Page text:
A new study finds the later a woman has an abortion the more likely it is that she faces mental health risks and is under pressure from a partner or others to have an abortion she may not otherwise want. Women getting later abortions also are more likely to be ambivalent about having an abortion. Here are the details from LifeNews.com:
The results came from an online survey of 374 women who answered a detailed questionnaire about the circumstances leading to their abortions, their previous mental health history, history of physical or sexual abuse and emotional state following abortion.
Although small, the study, published in the Journal of Pregnancy by Dr. Priscilla Coleman of Bowling Green State University, is the first to compare the experiences of women having early abortions compared to women having later abortions (in the second or third trimester).
The study found:
The women having later abortions were more likely to report:
Ambivalence about the abortion, unwanted abortion, and poor pre-abortion counseling were also commonly reported in the late-term abortion group, according to the Elliot Institute, an abortion research group that pointed LifeNews.com to the study.
Nearly 40 percent of women in the survey said they desired the pregnancy and only 30 percent said both they and their partner supported the abortion, while less than 14 percent said they received adequate pre-abortion counseling or information on alternatives or physical and emotional risks.
“In general, these results are indicative of more ambivalence and conflict surrounding the decision and the likelihood of less stable partner relationships among women who obtain later abortions,” the authors wrote.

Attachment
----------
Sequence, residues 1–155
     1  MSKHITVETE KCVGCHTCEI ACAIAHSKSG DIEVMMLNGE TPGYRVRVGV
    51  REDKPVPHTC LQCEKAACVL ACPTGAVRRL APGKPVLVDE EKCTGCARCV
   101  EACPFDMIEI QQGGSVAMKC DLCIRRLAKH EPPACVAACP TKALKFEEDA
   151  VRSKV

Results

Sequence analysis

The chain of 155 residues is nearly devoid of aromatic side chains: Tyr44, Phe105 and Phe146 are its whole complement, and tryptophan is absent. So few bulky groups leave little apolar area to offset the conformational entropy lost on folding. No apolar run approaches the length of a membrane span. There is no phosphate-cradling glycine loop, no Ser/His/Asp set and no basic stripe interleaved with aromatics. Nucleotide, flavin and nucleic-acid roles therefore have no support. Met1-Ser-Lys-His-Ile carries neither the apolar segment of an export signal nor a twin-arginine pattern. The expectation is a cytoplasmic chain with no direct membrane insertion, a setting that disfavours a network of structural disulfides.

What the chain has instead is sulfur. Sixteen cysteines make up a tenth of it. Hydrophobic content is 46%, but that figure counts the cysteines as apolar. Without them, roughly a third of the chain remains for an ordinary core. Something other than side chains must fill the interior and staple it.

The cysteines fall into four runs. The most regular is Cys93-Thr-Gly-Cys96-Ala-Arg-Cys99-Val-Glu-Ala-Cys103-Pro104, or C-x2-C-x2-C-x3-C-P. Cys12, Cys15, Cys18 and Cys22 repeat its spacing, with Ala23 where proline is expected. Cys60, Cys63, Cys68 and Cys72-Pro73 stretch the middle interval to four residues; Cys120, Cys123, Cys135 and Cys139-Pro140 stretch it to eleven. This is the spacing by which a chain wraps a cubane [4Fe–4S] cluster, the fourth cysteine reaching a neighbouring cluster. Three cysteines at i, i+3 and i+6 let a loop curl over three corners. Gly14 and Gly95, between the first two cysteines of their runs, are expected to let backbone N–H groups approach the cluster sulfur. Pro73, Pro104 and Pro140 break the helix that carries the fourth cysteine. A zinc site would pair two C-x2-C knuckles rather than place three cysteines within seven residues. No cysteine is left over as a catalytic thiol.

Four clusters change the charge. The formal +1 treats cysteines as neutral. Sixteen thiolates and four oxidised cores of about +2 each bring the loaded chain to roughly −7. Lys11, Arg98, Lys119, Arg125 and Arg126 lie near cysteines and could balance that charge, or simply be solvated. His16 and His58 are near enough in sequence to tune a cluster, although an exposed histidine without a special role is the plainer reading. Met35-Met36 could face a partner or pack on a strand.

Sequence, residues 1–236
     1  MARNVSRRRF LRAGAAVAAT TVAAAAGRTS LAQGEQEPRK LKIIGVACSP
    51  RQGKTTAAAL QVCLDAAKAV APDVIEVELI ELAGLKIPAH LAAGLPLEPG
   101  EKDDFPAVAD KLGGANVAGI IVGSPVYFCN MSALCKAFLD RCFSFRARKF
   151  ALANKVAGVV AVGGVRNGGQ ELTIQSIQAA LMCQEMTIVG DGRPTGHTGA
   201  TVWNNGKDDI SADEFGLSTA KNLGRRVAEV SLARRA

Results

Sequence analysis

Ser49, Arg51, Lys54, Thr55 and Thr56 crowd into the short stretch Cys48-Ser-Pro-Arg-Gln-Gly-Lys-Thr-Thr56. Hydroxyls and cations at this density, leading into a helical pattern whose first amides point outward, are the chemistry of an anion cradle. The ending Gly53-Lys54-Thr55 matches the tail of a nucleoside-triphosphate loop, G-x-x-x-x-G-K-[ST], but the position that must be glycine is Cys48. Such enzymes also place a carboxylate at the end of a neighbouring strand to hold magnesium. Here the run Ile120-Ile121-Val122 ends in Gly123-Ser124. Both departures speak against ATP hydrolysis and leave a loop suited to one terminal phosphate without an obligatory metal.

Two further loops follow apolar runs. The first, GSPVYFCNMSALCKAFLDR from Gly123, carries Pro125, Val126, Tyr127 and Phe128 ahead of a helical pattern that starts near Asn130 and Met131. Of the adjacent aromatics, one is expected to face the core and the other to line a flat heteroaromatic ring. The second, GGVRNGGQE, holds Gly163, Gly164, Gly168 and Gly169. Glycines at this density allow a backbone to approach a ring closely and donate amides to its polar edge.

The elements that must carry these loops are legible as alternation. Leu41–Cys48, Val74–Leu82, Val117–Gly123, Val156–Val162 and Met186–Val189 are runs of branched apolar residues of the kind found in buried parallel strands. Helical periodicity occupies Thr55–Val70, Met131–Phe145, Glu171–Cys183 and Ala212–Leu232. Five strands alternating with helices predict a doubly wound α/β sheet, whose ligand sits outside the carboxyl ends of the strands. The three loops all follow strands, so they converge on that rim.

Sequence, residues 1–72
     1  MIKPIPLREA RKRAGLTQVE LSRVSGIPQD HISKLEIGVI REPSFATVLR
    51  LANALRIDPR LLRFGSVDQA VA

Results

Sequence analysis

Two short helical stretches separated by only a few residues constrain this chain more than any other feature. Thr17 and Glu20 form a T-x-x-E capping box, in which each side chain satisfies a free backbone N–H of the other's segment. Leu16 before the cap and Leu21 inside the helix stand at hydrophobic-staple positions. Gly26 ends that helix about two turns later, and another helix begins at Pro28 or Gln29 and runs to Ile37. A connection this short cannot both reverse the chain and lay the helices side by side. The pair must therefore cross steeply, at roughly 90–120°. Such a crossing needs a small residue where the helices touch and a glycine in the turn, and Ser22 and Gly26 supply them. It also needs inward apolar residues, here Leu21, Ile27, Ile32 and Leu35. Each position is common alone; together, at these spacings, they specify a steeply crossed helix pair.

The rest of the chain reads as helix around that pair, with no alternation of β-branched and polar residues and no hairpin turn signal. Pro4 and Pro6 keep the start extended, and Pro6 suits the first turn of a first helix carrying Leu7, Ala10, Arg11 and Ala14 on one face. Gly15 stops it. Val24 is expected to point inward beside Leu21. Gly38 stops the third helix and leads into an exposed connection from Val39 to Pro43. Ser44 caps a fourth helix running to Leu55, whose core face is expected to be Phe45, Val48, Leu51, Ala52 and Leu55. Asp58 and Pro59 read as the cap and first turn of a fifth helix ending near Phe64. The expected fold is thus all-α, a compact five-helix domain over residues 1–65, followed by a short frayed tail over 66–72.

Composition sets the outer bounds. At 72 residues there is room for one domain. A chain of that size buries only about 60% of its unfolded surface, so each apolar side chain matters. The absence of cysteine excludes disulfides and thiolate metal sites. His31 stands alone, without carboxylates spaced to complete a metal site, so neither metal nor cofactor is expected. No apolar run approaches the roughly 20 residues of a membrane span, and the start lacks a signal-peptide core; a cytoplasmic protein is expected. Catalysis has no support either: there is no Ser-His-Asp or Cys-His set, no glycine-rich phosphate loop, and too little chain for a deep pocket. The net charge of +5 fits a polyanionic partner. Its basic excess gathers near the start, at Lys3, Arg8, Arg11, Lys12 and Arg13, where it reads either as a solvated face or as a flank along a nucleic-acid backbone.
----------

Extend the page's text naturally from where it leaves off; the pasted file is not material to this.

“Logically, women who are unsure about how to proceed with an unplanned pregnancy are more likely to put off the decision to abort, perhaps hoping their circumstances will improve and enable them to carry to term.”
Meanwhile, the Elliot Institute noted a survey of American and Russian women who had abortions, published in the Medical Science Monitor in 2004, found that 64 percent of the American respondents reported feeling pressured to abort, while more than half said they felt rushed or uncertain about the decision and more than 80 percent reported receiving inadequate counseling beforehand.
The new study also found high rates of post-traumatic stress disorder (PTSD) symptoms for women having both early and late abortions, with 52 percent of the early abortion group and 67 percent of the late term abortion group meeting the American Psychological Association’s criteria for post-traumatic stress disorder symptoms (PTSD).
One possible cause may be a high number of women having unwanted abortions due to the reactions of those around them, the authors said.
“Concern regarding reactions of others to having a child” was the mostly frequently cited reason for abortion for both early (69.1 percent) and late (62 percent) abortions; however, they wrote, many women likely had abortions “despite ambivalence or actually desiring to continue the pregnancy.”
Feelings of ambivalence or having an unwanted abortion are known risk factors for psychological problems after abortion.
When it came to differences between the late and early abortion groups, women having later abortions were more likely to report having disturbing dreams, reliving the abortion, having trouble sleeping and experiencing intrusion, a PTSD symptom that involves having recurring memories, flashbacks or hyperactivity when confronted with reminders of the trauma.
The 2004 Medical Science Monitor survey found that 65 percent of American women who had abortions reported experiencing symptoms of PTSD, which they attributed to their abortions. Other studies have also linked abortion to increased rates of depression, substance abuse, suicidal thoughts, sleep disorders, anxiety disorders and other mental health problems.
The authors said that their new study is best viewed as a “pilot” study on which to base future research on the psychological impact of late-term abortion, and called for more counseling and support for women undergoing later abortions.
Other peer-reviewed studies have linked abortion to increased risk of depression, anxiety, substance abuse, suicidal behavior, sleep disorders and more. Recent studies have also linked abortion to higher rates of death from heart disease, which investigators believe may be a long term effect of elevated rates of anxiety and depression.
Related web site: Elliot Institute